There’s no such thing as bad weather, only inappropriate clothing – Swedish Proverb
This is the first thing our Swedish tour guide told us when she picked us up from our hotel to take us to Drottingholm Palace, our first excursion into the city of Stockholm. We were all bundled up, petrified by the cold, yet in awe of the beautiful winter wonderland around us. The palace was a great first place to visit because not only is it a beautiful palace built in the 16th century, it is currently the residence of the Swedish royal family. We didn’t get to see the king or any member of his family, but we were told that they regularly go out and about and interact with the general population, without the need of special security protecting them.
That was the first hint as to how different of a society Sweden is to the other countries I’ve visited in my life. Swedes don’t care much for titles nor are they concerned with hierarchies. They value equality, consensus and belonging to a community. This was further emphasized later on in the week, when we made it to Gothenburg and met with our client. We had a panel discussion about the multicultural work environment in SCA and what stood out to me the most was how Swedes (and internationals working in Sweden) explained accomplishments by constantly emphasizing the role of the team by using “we, we, we”. If it had been a panel discussion in an American company, the focus would have been on individual and the most repeated word would have been “me, me, me”. Is the Swedish approach to company culture better or worse than the American? I wouldn’t dare to make a determination, but I will definitely say this: in order to work in Sweden, you have to adapt to the culture and the mindset, otherwise you will not get far.
Made by Sweden – Volvo
When those words appeared on the screen during a presentation at Volvo headquarters, all I could think of was ‘they wrote it wrong: it’s made IN Sweden, not BY Sweden’. Obviously the speaker knew what I was thinking, because it was the first thing he addressed in his presentation. Made by Sweden is a concept created by Volvo to re-envision the brand by focusing on people, safety and, most of all, its Swedish heritage. Made by Sweden means more than just local manufacturing: it’s a celebration of values, people and culture that allows Volvo to provide a product and a service unique in its kind because of its history.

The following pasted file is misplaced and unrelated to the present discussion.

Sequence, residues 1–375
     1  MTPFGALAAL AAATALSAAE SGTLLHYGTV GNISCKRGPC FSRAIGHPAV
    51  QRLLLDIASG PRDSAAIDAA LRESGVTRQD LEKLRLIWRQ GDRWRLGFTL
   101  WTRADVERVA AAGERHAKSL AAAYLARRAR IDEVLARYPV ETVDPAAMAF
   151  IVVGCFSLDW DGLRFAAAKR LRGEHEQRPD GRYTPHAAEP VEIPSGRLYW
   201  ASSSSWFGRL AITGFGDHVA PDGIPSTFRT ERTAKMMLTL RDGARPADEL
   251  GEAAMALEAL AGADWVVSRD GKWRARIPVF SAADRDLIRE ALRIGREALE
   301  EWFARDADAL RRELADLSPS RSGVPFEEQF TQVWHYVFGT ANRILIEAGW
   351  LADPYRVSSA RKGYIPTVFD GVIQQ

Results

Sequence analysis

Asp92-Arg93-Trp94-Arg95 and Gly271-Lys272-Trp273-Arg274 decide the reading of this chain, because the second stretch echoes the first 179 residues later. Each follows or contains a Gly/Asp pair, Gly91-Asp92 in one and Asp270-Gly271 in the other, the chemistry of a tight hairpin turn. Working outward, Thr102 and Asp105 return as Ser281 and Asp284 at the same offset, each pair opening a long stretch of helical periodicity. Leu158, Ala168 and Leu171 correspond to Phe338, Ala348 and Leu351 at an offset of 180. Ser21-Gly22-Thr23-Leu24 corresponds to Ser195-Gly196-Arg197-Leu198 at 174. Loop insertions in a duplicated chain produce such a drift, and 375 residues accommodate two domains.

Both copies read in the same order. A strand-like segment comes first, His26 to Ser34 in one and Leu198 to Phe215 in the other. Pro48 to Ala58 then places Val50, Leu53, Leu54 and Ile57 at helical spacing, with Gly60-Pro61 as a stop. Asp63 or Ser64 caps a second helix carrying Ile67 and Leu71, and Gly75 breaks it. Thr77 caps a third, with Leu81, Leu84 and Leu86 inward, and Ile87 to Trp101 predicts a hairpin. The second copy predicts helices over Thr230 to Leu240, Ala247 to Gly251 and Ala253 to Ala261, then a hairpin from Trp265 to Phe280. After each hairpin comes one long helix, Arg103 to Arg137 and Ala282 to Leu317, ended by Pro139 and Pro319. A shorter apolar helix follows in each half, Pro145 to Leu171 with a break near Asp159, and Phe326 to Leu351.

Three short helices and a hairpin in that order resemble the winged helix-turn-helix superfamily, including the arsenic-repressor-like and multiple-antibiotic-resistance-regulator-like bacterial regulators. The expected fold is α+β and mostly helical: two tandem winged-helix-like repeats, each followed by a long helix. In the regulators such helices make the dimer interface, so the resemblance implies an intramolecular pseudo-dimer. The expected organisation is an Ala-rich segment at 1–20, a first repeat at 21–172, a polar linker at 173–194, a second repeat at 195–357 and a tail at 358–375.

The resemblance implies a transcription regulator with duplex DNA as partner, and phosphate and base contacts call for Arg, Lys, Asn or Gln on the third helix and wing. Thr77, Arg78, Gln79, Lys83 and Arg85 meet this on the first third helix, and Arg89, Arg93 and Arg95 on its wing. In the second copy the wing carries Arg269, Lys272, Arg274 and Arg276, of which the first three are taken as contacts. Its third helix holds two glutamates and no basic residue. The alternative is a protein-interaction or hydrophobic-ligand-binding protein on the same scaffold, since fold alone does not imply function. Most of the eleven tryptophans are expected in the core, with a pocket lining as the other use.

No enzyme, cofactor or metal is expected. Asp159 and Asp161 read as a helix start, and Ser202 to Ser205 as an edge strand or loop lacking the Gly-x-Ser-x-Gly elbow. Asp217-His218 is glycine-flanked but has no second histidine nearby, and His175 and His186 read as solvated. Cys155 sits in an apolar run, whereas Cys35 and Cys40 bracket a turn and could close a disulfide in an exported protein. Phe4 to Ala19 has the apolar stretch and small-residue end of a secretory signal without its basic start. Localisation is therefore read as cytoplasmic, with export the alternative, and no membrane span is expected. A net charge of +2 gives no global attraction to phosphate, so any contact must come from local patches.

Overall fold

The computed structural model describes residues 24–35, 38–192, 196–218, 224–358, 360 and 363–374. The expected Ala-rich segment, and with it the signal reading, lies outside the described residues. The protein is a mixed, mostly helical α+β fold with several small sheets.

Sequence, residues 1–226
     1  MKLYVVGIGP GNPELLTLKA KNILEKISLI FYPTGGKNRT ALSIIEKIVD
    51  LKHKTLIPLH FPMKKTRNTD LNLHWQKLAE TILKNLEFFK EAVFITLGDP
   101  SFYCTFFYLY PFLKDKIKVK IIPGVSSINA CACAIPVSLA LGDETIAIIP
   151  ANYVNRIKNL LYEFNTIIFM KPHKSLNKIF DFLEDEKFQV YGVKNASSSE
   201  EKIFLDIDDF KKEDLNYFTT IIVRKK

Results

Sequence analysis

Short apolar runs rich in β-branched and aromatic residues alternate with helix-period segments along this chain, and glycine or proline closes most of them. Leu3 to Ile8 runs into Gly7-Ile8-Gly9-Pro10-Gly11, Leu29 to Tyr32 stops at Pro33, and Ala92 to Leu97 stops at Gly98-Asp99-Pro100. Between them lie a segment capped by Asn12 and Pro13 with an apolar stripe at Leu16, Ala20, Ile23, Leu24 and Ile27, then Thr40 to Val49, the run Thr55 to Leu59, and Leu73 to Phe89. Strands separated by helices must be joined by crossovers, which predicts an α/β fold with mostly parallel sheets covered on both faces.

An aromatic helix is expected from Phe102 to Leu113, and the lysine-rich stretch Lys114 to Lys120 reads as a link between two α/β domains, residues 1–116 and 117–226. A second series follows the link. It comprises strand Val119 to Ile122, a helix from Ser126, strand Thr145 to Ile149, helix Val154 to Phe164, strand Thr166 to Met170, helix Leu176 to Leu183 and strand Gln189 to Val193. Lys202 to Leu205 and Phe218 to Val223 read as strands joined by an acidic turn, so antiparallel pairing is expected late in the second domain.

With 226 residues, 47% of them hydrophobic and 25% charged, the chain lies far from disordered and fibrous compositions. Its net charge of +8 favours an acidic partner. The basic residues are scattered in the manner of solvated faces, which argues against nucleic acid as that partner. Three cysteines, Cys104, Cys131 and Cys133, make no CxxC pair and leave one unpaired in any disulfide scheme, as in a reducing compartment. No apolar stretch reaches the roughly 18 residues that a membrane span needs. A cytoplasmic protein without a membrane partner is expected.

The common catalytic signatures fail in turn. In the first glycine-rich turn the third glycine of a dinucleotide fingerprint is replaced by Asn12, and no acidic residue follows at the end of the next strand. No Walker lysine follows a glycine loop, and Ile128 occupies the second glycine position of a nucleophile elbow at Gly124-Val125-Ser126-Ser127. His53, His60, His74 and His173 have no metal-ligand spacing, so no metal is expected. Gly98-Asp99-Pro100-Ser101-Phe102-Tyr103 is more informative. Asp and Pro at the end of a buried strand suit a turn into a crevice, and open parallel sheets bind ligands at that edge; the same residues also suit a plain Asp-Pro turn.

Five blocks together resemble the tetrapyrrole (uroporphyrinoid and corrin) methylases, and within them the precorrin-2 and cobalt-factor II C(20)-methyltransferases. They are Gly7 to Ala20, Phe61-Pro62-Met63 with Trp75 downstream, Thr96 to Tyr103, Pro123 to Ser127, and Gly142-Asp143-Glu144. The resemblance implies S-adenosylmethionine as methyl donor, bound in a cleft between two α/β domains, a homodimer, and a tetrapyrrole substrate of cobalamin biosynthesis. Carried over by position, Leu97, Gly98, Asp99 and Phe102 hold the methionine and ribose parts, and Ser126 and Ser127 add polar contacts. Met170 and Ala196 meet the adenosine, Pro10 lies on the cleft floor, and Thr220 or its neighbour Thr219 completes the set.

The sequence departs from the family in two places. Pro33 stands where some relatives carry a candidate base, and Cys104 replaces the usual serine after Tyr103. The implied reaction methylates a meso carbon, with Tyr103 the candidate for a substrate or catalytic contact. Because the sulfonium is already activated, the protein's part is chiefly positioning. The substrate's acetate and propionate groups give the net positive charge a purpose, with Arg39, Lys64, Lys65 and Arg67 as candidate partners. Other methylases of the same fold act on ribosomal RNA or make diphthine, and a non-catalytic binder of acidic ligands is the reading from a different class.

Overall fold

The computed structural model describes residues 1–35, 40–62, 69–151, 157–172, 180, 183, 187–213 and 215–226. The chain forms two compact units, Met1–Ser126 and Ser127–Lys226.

In our visit to Volvo, we had a tour of the plant, which is completely automated and amazing to see in action. After that, at the Volvo Experience Visitor Center, we got a history lesson of Volvo’s trajectory since its founding in 1927 and a sneak peek as to what technologies Volvo is currently working on: self-driving and self-Parking cars – it’s almost a done deal!
Are you even working on this trip? – my mom
Yes, I am, and how! When I spoke with my mom about the beautiful places I got to see and the informative visits to Volvo and SCA, it may have seemed as if that was all we were doing… but it absolutely wasn’t! This short term study trip was as much about cultural travels and company visits as it was about late nights and entire days spent in business centers working to make sure we were delivering something of value to our client. Our commitment to the project became even deeper after we talked with our SCA contacts who stressed their desire to save lives through hand hygiene. We already knew this from the start, but it was nice to have the reminder: this company truly cares about people. Selling products comes second to their desire to help improve the quality of life of everyone that comes in contact with the company and its products.
The entire class carried this message as we worked in our three separate teams to present our vision of how SCA Tork could achieve this goal. When I finally got to see the presentations of the other two teams, it was a treat to see the differences between the ideas each team had come up with, as well as the similarities among the projects. The one thing the three teams had in common was a strong belief in their ideas, as well as for the hand hygiene compliance system Tork wants to bring to market. I’m glad I wasn’t the one judging these presentations: all of them had something special that added value to the final company. At the end of the day, however, I believe we all won: during our farewell dinner, our SCA hosts told us that as they move forward with this product, they will pick and choose pieces of all three presentations to carry into their marketing campaign for the USA.